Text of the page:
Host Marriott, a Bethesda-based owner of luxury hotels, said it had sold six hotels for $223 million and will use the proceeds to invest in other hotels and repay debt.
The six are the Bethesda Marriott, the Albuquerque Marriott, the Hartford Marriott Farmington in Connecticut, the Salt Lake City Marriott, the Tampa Marriott Westshore and the Torrance Marriott in California.
The Bethesda Marriott is among six suburban hotels that Host Marriott has sold. The hospitality company plans to focus on hotels in the downtowns of cities.
(Linda Spillers -- Bloomberg News)
All are in suburbs, where the company is selling hotels to focus on downtown hotels, where it is tougher for competitors to build new hotels.
The Fortune 500 company sold the hotels in three transactions that closed in late December and early January. The sales will result in a book gain of more than $45 million.
The company owns hotels under the brands Ritz-Carlton, Hyatt, Marriott, Four Seasons, Fairmont, Sheraton and Hilton.
Integic, a Chantilly provider of business and government software, said it has been selected by the Office of Personnel Management to offer federal agencies a personnel record-keeping system that replaces paper files with electronic records. The company said the value of the blanket purchase agreement depends on how many agencies sign up for the system. Integic said the contract could be worth $70 million to $75 million over five years.
Lafarge North America named Eric Olsen executive vice president and chief financial officer, effective Jan. 1. Olson joined LaFarge, the U.S. unit of a French company that is the United States' largest supplier of construction materials, in 1999. He succeeds Larry Waisanen, who retired.
NRV, the McLean-based building company, said it bought substantially all of the assets of Marc Homebuilders, a leading homebuilder in Columbia, S.C. Last year Marc, which operates under the Rymarc Homes trade name, closed on 231 homes.
Dominion, one of the nation's largest producers of energy, completed its purchase of three Northeast power stations from USGen New England, effective Jan. 1, increasing its electricity-generating portfolio by 10 percent to about 28,340 megawatts. The $642-million acquisition by the Richmond-based energy company was part of a bankruptcy court-supervised divestiture of USGen New England's fossil-fuel plants.
Total Resource Management of Alexandria, a technology consultant, said it bought the assets of Quality Systems, a move it said furthers Total Resource's commitment to the utility market by expanding its energy, utilities and process manufacturing operations.
Innovative Biosensors of College Park said it is offering a rapid test to detect E. coli contamination of meat. The company said the product allows meat processors to test for the pathogen in less than five minutes rather than the 48 hours required by other tests. The company licensed the biosensor technology that was developed at the Massachusetts Institute of Technology.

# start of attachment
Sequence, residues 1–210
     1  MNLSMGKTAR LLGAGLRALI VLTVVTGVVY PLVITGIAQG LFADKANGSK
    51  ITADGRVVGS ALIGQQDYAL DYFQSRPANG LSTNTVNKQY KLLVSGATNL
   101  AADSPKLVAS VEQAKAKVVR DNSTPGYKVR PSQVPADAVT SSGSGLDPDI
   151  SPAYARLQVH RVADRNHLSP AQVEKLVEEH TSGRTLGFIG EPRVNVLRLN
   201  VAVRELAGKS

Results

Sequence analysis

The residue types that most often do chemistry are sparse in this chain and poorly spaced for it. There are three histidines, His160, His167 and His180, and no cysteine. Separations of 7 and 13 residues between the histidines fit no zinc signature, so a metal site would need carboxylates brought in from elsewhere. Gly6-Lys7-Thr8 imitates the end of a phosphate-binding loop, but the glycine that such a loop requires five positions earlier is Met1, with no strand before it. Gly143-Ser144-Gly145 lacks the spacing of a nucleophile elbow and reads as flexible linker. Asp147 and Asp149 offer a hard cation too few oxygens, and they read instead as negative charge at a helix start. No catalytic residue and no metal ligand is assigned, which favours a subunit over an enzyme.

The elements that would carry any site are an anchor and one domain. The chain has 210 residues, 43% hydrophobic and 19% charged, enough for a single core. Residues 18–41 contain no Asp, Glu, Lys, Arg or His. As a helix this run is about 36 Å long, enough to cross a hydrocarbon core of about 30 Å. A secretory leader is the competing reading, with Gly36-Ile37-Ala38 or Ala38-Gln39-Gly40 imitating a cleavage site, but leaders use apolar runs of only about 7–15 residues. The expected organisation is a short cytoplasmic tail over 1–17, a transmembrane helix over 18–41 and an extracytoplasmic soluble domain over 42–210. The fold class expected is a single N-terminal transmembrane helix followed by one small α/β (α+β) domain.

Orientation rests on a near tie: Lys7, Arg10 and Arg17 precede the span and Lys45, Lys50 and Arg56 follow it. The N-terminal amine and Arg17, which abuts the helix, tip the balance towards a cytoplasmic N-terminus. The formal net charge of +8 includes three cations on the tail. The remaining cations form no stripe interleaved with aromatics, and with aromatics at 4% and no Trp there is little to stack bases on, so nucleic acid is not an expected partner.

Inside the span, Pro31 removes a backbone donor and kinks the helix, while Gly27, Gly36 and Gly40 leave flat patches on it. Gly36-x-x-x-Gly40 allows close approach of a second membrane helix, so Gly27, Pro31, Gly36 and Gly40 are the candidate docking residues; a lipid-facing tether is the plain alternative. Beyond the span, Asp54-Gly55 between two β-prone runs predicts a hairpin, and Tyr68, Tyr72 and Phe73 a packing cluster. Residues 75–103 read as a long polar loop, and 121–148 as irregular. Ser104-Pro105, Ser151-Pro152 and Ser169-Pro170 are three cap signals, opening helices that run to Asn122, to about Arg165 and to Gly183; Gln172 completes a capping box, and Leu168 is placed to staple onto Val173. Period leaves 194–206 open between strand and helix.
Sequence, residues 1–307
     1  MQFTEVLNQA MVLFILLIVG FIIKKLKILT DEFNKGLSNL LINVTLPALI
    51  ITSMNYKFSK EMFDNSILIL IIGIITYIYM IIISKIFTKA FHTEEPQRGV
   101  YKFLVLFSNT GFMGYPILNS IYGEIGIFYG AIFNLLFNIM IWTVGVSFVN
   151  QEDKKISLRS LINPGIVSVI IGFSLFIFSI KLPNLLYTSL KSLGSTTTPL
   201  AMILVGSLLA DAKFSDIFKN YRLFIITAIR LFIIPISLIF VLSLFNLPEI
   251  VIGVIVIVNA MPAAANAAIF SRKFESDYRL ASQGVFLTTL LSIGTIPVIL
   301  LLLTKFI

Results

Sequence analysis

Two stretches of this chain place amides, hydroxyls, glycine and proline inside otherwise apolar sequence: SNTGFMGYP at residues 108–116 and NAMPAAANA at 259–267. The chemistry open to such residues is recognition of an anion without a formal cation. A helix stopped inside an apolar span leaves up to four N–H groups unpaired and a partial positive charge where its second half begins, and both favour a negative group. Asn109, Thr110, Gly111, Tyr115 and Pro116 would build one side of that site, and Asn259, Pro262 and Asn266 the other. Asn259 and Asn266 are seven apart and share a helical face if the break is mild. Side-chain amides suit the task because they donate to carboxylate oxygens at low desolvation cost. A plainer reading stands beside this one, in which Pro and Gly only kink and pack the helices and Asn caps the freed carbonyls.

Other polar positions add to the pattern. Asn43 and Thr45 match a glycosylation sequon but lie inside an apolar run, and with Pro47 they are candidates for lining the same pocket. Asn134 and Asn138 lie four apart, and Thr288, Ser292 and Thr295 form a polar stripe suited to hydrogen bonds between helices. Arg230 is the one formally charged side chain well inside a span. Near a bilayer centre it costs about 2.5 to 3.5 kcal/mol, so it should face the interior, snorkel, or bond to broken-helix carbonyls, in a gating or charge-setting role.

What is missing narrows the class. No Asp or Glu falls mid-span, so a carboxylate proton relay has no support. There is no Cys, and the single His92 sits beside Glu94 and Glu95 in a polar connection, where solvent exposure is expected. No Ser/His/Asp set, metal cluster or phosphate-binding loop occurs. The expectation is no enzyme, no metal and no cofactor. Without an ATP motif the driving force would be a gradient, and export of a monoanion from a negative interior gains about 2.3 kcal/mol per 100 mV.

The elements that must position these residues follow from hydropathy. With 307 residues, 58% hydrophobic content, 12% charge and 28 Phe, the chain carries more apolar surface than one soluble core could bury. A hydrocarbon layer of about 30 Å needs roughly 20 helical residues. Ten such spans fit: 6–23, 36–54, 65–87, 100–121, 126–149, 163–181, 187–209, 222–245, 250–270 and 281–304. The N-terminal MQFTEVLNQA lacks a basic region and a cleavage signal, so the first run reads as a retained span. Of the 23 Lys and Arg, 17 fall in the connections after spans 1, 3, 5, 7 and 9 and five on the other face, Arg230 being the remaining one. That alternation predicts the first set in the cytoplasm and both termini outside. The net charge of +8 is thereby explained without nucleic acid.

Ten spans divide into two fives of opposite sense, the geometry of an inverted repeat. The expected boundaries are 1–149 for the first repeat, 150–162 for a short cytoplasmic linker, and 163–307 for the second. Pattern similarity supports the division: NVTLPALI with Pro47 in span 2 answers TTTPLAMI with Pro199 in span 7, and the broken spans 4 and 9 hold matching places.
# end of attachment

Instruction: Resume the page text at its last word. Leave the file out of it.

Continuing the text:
Human Genome Sciences of Rockville said federal regulators have given the company clearance to begin human testing of a treatment for HIV/AIDS. The treatment is an antibody intended to block the entry of HIV into human cells, preventing its progression into AIDS.
Essex, a Columbia supplier of information-processing hardware and services to intelligence agencies and the military, said it agreed to acquire Windermere Group, a privately held company in Annapolis and a contractor to more than 15 U.S. government agencies and numerous commercial clients. Windermere has more than 370 employees, most of whom hold high-level security clearances, and annual revenue of $64 million.
Jos. A. Bank Clothiers of Hampstead said it had a good holiday season. Sales for the fiscal month ended Jan. 1 rose 35 percent to $68 million from $50.3 million a year earlier. Comparable store sales increased 16 percent. The company said it expects net income for the fiscal year ending Jan. 29 to reach at least $24.2 million, or $1.70 per diluted share. That is a 46 percent increase over reported net income of $16.6 million ($1.20 per share) for the previous year.
Slavie Federal Savings Bank of Bel Air said it completed its reorganization into a mutual holding company. As part of the reorganization, Slavie's parent, SFSB, issued at a price of $10 per share more than 1.2 million shares to Slavie's depositors and 116,630 shares to Slavie's employee stock ownership plan, representing 45 percent of SFSB's outstanding common stock. The remaining 55 percent is owned by Slavie Bancorp MHC, the mutual holding company parent of SFSB that was formed as part of the reorganization.